As the story goes, some of the students from the agriculture department stole a cow from the WVU farm, and led the poor thing up into the top of the Woodburn Hall bell tower. Now it is a well-known fact that cows will climb stairs, but will not climb back down them.
Once the cow was in the bell tower, it proceeded to moo and beller like there was no tomorrow - and caused no end of bemusement to the campus's students, staff, and faculty. Not knowing what to do, they spent several hours trying to remove the unfortunate cow from the bell tower without success.
Finally, the decision was made to kill the poor animal, and it's carcass was divided up and brought down out of the bell tower in this manner.
It is unknown what became of the students who pulled this horrible prank - or what was done with the cow after its demise in the bell tower. However, many people who have visited Woodburn Hall have told stories about hearing the poor unfortunate cow's ghost in the bell tower, still mooing and bellering, trying to get out of a dire situation.
So the next time you visit West Virginia University, keep your eyes (and ears) open - you just might hear the sound of WVU's most vocal ghost - the Woodburn Hall Cow.
Monday, July 19, 2010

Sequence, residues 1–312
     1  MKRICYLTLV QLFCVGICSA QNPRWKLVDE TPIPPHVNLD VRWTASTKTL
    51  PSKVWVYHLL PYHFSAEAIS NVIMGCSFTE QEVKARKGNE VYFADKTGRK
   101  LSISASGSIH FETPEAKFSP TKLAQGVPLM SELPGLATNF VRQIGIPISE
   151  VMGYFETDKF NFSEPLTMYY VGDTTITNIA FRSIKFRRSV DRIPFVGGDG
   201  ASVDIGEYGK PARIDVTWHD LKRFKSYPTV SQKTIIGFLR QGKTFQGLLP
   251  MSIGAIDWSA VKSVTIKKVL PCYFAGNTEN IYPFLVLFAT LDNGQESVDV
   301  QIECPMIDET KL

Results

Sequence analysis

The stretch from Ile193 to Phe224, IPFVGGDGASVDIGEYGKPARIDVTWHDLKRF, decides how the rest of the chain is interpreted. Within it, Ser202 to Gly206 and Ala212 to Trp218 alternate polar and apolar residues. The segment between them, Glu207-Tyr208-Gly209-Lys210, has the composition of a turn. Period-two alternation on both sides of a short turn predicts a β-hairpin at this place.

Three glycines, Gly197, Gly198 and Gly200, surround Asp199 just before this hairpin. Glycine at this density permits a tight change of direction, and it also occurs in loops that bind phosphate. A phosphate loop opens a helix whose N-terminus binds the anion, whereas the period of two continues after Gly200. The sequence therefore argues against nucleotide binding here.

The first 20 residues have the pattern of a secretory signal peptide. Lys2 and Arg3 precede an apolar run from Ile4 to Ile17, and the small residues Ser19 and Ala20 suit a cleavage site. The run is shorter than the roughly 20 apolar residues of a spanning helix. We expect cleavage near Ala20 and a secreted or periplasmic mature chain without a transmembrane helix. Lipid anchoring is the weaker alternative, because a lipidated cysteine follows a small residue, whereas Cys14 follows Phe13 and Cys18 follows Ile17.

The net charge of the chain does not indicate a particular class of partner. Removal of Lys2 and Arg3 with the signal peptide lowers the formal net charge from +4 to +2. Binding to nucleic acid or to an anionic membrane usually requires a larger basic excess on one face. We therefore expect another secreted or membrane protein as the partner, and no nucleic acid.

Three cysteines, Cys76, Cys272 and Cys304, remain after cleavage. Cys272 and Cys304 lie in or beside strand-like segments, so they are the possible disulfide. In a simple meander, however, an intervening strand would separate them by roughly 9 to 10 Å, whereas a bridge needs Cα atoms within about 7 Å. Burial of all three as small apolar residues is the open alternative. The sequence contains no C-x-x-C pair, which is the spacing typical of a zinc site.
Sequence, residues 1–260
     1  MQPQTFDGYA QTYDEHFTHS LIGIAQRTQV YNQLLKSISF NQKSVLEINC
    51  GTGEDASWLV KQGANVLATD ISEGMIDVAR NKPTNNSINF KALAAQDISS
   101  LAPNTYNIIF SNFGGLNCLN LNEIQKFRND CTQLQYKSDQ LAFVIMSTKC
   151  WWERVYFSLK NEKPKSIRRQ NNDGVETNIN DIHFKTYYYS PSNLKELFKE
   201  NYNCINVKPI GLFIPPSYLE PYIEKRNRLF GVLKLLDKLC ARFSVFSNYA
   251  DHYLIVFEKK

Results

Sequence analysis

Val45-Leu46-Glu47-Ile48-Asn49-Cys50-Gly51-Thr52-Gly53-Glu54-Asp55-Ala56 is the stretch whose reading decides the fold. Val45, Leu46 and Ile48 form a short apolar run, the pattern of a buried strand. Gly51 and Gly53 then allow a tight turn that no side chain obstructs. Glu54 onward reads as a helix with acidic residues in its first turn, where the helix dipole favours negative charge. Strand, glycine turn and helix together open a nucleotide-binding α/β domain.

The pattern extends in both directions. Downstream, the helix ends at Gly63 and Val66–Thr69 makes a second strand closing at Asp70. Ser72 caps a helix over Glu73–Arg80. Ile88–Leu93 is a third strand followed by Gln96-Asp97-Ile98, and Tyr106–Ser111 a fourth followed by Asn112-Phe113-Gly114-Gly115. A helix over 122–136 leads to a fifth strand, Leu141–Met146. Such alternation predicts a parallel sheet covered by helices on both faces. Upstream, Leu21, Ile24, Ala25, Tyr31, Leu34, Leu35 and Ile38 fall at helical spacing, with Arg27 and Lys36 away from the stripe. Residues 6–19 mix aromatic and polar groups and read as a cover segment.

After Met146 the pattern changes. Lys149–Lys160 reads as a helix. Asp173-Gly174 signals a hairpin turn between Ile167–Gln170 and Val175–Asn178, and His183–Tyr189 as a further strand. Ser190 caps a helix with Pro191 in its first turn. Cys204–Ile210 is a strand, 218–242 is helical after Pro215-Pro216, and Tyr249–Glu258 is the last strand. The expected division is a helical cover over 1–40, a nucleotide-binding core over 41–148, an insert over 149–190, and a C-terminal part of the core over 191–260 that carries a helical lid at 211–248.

The house we lived in was above the natural spring about a hundred feet, just past the fence and gate where the timber rattlers sat coiled on the rocks. They had bodies sometimes ten feet long and heads the size of a man's fist. The house had no running water, except when it rained, and then it came pouring through the kitchen ceiling. On drier days my mother and Aunt Tam, who lived with us, would carry water up the hill from the crick below the house.
There was a giant apple tree in the backyard that my brother and I played under with our dogs, Boney and her puppies. Mom said we often had more fleas than the dogs, but when you're 4 and 3 years old you don't notice. There was also an old cellar that I didn't like to go into because there were giant spiders and snakes inside it, and an outhouse no one would use because it was full of giant black centipedes.
It sounds rather hellish, and in some ways it was not ideal. Like most places though, we made it our home with creativity and talent - and one thing we did have was a beautiful garden. Rows and rows of corn, beans, tomatoes, cucumbers - all to be harvested in their time and canned for winter. The fence around the garden was as run down and old as the house, but my father and his brothers had fixed it up the best they could to keep the neighbor's cows out of it. It worked, mostly.
One specific memory I have is when my brother and I were playing under the front porch of the house (it was built high because of the slant of the hillside, so there was room under it for us to play in the dirt). We were having a high old time, when we suddenly heard my mother screaming and yelling cuss words like a drunken sailor. We ran around the corner of the house, and there was Mom running out into the garden. Apparently the neighbor's bull had broken through the fence and was eating the beans.
But there went my mother, potato masher in hand (she'd been making mashed potatoes for dinner) into the garden screaming and cussing that bull. Of course the bull didn't pay any attention to her yelling and cussin', but he sure did notice when Mom whacked him across the rear with that potato masher!